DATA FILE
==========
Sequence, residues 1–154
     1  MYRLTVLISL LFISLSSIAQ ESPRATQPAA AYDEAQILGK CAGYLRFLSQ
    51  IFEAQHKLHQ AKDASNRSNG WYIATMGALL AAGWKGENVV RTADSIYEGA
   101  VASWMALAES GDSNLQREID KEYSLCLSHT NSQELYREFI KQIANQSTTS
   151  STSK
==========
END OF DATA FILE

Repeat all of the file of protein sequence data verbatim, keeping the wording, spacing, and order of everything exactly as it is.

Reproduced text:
Sequence, residues 1–154
     1  MYRLTVLISL LFISLSSIAQ ESPRATQPAA AYDEAQILGK CAGYLRFLSQ
    51  IFEAQHKLHQ AKDASNRSNG WYIATMGALL AAGWKGENVV RTADSIYEGA
   101  VASWMALAES GDSNLQREID KEYSLCLSHT NSQELYREFI KQIANQSTTS
   151  STSK